Granite Falls district begins change of
challenge program in elementary schools
For the past 12 years, Granite Falls’ schools, and other districts around the country, have had a similar challenge program in place for those identified as gifted children.
These challenge students participate in a self-contained classroom as a separate entity from the general population of the school. The idea behind such a classroom is that it would allow those students the opportunity to excel in their studies and to challenge them in such a way as to bring out their full potential.
The uniqueness of the program in Granite Falls, according to one parent, is that it offered a challenge program for those in kindergarten thru second-grade.
The National Association for Gifted Children (NAGC) says the following is a federal definition of giftedness.
“The current federal definition of gifted students was originally developed in the 1972 Marland Report to Congress, and has been modified several times since then. The current definition, which is located in the Elementary and Secondary Education Act, is students, children, or youth who give evidence of high achievement capability in areas such as intellectual, creative, artistic, or leadership capacity, or in specific academic fields, and who need services and activities not ordinarily provided by the school in order to fully develop those capabilities.”
However, it does note that States and districts are not required to use the federal definition even though many do.
Furthermore, the definition of gifted or giftedness by the NAGC states that there is no universally agreed upon answer, and that the interpretation of the word “gifted” seems limitless.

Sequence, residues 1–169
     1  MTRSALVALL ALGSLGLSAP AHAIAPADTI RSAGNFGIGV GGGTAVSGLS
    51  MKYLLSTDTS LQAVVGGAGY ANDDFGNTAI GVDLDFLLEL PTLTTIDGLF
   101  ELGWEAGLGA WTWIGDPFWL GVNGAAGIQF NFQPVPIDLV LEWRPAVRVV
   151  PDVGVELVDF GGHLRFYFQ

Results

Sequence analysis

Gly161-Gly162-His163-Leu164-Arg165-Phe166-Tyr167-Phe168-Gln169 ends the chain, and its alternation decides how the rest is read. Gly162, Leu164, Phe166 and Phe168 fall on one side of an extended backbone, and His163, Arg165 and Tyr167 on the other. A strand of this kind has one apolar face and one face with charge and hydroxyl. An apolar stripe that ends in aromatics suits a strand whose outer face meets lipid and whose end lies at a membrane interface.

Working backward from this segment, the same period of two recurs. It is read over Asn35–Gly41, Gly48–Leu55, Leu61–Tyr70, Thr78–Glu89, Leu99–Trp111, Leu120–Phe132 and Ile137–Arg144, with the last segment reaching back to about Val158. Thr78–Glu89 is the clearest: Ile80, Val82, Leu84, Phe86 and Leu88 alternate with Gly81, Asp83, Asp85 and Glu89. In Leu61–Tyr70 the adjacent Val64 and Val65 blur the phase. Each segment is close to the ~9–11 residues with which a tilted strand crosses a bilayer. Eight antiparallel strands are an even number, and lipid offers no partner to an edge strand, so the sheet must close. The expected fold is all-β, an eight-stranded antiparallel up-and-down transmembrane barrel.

When the current challenge program in Granite Falls ceases in its present format, which includes those children who are identified as gifted and those who show the potential, will any of the children be left behind?
According to Kathy Grant of the Granite Falls School District, the answer is no.
“Every child will be served,” she said.
The change, Grant explained, was brought forth and determined by a committee.
“What we have done is changed the delivery model,” she explained. “We are switching the model to a multi-age so that the highly capable kids will be in a multi-age grades two, three, four, and five program.”
Grant also acknowledged the delicacy of the nature of the issue and the concern of any parent because their child may be affected.
“All the students will continue to be served at their academic level. We’re just delivering those services differently,” Grant reiterated.
She also stated that the change will not be immediate, but a gradual one taking an entire year to accomplish.
“I think it’s also good for parents to know that we’re taking the full school year, this coming school year, the 2008/2009. We’re using that whole year as a transition phase to change the delivery model,” Grant said.
She also acknowledged that this is a necessary time for adjustment for everyone including staff as they look into all the little details to assure the success of the challenge program, which is to meet the needs of all the students.